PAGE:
RelateIQ and Salesforce: It’s not just about data science | VentureBeat | Big Data | by Andy Byrne, Clari
5 things I wish I knew about Tableau when I started – The Information Lab
We All Hate Each Other, and That’s Good for the Industry | The Staffing Stream
One staffing buyer comes to mind when I think about harnessing the competitive spirit of the supplier community. This buyer discloses the ranking and number of placements for each of the top 15 vendors in the program each month on an all-supplier call, and those stats are also provided via email following the call to the vendors and internal stakeholders. This not only brings transparency, builds credibility and creates trust in the program, but it also generates a level of focus and priority to that client because of the open competition it creates.
Marginally Interesting: What is Scalable Machine Learning?
I’ve just scratched the surface of this, but I hope you got the idea that scalability can mean quite different things. In Big Data (meaning the infrastructure side of it) what you want to compute is pretty well defined, for example some kind of aggregate over your data set, so you’re left with the question of how to parallelize that computation well. In machine learning, you have much more freedom because data is noisy and there’s always some freedom in how you model your data, so you can often get away with computing some variation of what you originally wanted to do and still perform well. Often, this allows you to speed up your computations significantly by decoupling computations. Parallelization is important, too, but alone it won’t get you very far.
Why does data need to have sex? – High Scalability -
Sex is nature’s way of bringing different data sets together, that is our genome, and creating something new that has a chance to survive.
Data Doesn’t Need to Be Free, But it Does Need to Have Sex – High Scalability -
I’m going to argue here that a business model that could make money for software companies, while benefiting users, is creating an open market for data. Yes, your data. For sale. On an open market. For anyone to buy. Privacy is dead. Isn’t it time we leverage the death of privacy for our own gain?
The idea is to create an ecosystem around the production, consumption, and exploitation of data so that all the players can get the energy they need to live and prosper.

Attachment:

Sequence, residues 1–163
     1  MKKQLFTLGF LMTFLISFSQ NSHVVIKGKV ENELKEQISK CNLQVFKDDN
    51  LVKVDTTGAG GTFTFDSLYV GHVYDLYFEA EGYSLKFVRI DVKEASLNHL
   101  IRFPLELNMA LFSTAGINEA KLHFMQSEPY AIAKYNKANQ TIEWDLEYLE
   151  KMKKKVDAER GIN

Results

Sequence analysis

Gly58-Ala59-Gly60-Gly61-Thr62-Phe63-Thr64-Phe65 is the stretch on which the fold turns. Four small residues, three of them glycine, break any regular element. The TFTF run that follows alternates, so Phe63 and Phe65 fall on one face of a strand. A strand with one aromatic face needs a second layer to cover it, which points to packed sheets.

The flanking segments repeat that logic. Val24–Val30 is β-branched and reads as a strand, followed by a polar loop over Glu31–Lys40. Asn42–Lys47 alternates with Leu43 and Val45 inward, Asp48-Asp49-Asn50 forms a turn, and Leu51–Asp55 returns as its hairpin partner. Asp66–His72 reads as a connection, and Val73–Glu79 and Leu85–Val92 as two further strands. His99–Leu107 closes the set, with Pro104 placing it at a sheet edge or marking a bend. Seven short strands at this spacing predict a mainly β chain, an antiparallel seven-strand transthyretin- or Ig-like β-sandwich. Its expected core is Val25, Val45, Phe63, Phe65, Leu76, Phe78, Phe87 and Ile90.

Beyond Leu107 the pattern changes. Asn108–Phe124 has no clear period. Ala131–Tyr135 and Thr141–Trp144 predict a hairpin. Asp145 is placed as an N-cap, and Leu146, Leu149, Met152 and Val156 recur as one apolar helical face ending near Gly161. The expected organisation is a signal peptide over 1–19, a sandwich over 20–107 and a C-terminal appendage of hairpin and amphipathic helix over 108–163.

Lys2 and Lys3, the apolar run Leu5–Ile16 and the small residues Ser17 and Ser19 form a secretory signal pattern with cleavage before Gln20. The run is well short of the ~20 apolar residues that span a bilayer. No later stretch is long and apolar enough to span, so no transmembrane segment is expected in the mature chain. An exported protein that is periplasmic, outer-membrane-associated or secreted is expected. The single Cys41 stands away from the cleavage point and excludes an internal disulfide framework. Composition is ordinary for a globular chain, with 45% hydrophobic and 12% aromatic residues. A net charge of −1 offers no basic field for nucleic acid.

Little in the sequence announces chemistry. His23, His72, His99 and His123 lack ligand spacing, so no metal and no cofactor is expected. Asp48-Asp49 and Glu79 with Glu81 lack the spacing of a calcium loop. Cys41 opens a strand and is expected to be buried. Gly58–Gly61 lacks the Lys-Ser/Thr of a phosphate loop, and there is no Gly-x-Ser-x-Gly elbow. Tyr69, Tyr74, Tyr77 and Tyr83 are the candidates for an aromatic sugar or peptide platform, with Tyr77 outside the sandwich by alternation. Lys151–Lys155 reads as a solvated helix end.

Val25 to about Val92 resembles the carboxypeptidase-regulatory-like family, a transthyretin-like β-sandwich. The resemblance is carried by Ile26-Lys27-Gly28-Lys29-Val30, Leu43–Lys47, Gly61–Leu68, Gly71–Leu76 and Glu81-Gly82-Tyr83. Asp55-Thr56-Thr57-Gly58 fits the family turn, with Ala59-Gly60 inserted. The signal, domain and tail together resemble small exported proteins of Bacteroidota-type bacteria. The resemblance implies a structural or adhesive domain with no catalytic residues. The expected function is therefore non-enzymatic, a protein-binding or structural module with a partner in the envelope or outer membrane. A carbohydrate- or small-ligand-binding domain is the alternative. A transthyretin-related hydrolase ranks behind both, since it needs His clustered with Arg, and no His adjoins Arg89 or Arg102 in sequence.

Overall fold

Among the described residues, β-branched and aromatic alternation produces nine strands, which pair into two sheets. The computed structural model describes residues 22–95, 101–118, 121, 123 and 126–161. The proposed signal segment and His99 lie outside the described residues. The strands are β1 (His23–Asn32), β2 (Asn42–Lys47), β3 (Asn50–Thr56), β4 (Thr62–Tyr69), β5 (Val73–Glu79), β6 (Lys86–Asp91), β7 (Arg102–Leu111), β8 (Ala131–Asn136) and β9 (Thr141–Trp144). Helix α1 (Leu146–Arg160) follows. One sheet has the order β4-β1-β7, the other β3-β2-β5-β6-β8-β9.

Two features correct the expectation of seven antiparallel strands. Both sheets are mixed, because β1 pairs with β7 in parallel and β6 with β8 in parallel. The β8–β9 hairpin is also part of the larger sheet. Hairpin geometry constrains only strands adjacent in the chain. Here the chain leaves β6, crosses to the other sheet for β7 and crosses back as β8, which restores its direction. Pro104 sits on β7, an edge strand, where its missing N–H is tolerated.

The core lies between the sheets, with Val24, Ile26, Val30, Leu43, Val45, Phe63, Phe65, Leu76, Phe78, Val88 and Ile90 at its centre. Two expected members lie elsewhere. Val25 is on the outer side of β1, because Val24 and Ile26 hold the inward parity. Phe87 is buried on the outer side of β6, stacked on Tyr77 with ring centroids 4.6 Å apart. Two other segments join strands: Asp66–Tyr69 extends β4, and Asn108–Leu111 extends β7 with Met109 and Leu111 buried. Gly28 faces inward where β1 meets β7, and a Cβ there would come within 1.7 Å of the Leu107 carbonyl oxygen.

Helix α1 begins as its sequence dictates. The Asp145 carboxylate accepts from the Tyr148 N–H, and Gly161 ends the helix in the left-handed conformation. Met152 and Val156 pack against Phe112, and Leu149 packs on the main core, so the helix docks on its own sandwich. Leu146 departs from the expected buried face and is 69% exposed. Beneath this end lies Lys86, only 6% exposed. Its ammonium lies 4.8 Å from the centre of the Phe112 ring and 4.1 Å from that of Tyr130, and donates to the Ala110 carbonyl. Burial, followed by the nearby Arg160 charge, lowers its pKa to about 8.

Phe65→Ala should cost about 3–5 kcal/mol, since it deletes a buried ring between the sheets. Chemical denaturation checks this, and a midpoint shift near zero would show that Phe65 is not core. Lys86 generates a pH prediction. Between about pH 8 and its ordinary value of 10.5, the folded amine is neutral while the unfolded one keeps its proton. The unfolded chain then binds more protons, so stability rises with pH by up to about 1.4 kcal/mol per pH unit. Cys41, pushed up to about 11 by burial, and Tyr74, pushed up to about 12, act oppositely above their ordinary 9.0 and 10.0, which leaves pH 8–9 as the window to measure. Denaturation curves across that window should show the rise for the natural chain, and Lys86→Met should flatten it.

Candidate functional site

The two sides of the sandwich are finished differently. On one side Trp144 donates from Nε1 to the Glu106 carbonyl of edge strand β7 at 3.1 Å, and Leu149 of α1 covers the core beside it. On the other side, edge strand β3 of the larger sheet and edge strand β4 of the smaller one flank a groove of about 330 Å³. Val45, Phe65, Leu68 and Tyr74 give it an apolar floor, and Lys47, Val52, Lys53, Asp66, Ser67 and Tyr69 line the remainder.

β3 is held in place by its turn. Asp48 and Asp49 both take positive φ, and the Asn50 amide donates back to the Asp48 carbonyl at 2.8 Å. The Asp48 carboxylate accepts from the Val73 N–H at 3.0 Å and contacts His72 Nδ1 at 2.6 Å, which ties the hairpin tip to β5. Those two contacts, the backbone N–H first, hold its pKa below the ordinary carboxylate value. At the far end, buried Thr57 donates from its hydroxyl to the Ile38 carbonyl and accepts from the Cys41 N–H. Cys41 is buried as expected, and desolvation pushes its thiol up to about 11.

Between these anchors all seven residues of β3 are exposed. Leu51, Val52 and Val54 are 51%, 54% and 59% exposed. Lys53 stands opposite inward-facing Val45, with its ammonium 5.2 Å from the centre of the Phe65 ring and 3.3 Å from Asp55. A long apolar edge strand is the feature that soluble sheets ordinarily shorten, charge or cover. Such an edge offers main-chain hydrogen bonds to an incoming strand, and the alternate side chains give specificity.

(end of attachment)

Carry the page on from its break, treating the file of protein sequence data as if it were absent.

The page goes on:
Databricks ropes in Alteryx to push Spark adoption for big data projects | VentureBeat | Big Data | by Eric Blattberg
You need a custom MapReduce programmer every time you want to get something out of Hadoop, but that’s not the case for Spark, said Mathew. Alteryx is working toward a standardized Spark interface for asking questions directly against data sets, which broadens Spark’s accessibility from hundreds of thousands of data scientists to millions of data analysts — folks who know who to write SQL queries and model data effectively, but aren’t experts in writing MapReduce programming jobs in Java.
The Spark framework is well equipped to handle those queries, as it exploits the memory spread across all of the servers in a cluster. That means it can run analytics models at blazing-fast speeds compared to MapReduce: Programs can go as much as 100 times faster in memory or 10 times faster on disk. Those performance enhancements — and the subsequent customer demand – has prompted Hadoop distribution vendors like Cloudera and MapR to support Spark.
The Data Economy: Meet the hybrid data scientist-application developer | SiliconANGLE
Namely, as enterprise applications become more data-centric, the roles of data scientist and application developer are merging. In the short-term, this means the two roles must learn collaborate more effectively and both must assume new ways of thinking. For data scientists, this means starting to think more about how the insights they uncover can be translated into repeatable form factors consumable by end-users. And application developers need to gain a better understanding of data flows and how analytic requirements impact application performance.